Earning the Nobel Prize: A Trio’s Molecular Sketch of the Body Clock

By: Renald James Legaspi (Polintons)
(Left to right) Jeffrey C. Hall, Michael Rosbash and Michael W. Young, the American scientists who were awarded the 2017 Nobel Prize for Physiology or Medicine for their discoveries on the molecular mechanism of our biological clock. Image taken from: Nobelprize.org

"People used to think that biological clocks were not only mysterious, they were seen almost as miracles. This is no longer the case”- Jeffrey Hall, 2017 Nobel laureate for Physiology or Medicine

Every day, most of us start our lives early, probably as early as six in the morning. Some even wake up before the sun rises. We are so used to this routine that even in weekends wherein we anticipate to get few doses of extra sleep, our own body clock fails us. And in the night, even with the presence of the heavy workload that force us to stay awake, our eyes discreetly close before the lamp of our desk. These get us to conclusion that our physical bodies follow a well-coordinated regular pattern, commonly known as circadian rhythm. But how does this “body clock” actually work?

This was answered by a trio of American scientists who, in 2017, bagged the Nobel Prize in Physiology or Medicine for their elucidation of the molecular basis for the circadian rhythm of fruit flies. 

These men in the names of Jeffrey Hall, Michael Rosbash and Michael Young took their prize money totaling $367,000 during the Nobel Assembly at the Karolinska Institute in Stockholm for their discovery which revealed the very intricate molecular basis of our body clock.

Biological clock plays an important role in many facets of our physiology that its mechanism has been a vital discourse and at the same time, a lingering mystery among scientists throughout history. Notably, during 1970s, Seymour Benzer, a behavioral geneticist, with his student Ronald Konopka experimented on fruit flies to possibly identify the genes controlling the circadian rhythm. During their work, they discovered the period gene, which is located in the X chromosome of Drosophila, by inducing mutations on previously unknown gene and looking in the disruptive effects of mutagenesis on circadian rhythm.

Later, in 1984, Hall and Rosbash working at Brandeis University, and Young at Rockefeller University, first isolated and sequenced the period gene to which the discovery of its product, PER protein, a protein that accumulates during the night and is “degraded” during the day. At this point, the body clock "puzzle" is slowly forming a complete picture.

With this discovery, it is now their job to relate this to the sustenance and generation of circadian oscillations. They hypothesized that inhibitory feedback loop is present wherein the PER protein inhibits its own synthesis by blocking the activity of the period gene.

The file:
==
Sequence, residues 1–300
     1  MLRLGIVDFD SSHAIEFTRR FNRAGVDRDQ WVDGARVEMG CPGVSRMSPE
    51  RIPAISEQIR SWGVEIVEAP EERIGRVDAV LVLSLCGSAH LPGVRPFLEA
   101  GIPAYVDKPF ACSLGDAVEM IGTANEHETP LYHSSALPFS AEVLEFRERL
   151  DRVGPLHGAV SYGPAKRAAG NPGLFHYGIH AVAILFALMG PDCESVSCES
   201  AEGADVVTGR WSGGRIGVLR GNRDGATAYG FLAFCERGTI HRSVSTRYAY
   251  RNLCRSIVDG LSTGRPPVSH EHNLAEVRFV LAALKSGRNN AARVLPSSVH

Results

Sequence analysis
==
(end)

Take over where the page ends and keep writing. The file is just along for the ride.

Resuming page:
A perplexity, however, concerning some details of the model arise from the question of how the PER protein,produced in the cytoplasm, could actually be able to block the activity of the per gene in the DNA which safely lodged inside the nucleus.

In 1994, Young brings the second clock gene, timeless, in the picture. Timeless codes for TIM protein which binds to PER protein enabling the entry of the two molecules into the nucleus wherein the inhibition of per gene happen. Overall, these explain the oscillations in circadian rhythm; however, there is the requirement to understand what controls the frequency of these oscillations. 

Yet again, Michael Young discovered another gene, doubletime, which produces DBT protein. This protein delays the accumulation of the PER protein. This discovery finally provided the last missing traces of a good sketch of the molecular mechanism of our biological clock.

By providing the answers to the most elusive questions concerning our biological clock, these scientists, in no doubt, deserve the Nobel Prize. As James Rothman said, “It is fabulous to see the foundational discoveries of this trio recognized in this richly deserved and long overdue Nobel Prize.”

References:
Kolata, G. (2017, October 2). 2017 Nobel Prize in Medicine Goes to 3 Americans for Body Clock Studies. Retrieved from The New York Times: https://www.nytimes.com/2017/10/02/health/nobel-prize-medicine.html

Nobelprize.org. (2017, October 2). The Nobel Prize in Physiology or Medicine 2017. Retrieved from Nobelprize.org: https://www.nobelprize.org/nobel_prizes/medicine/laureates/2017/press.html


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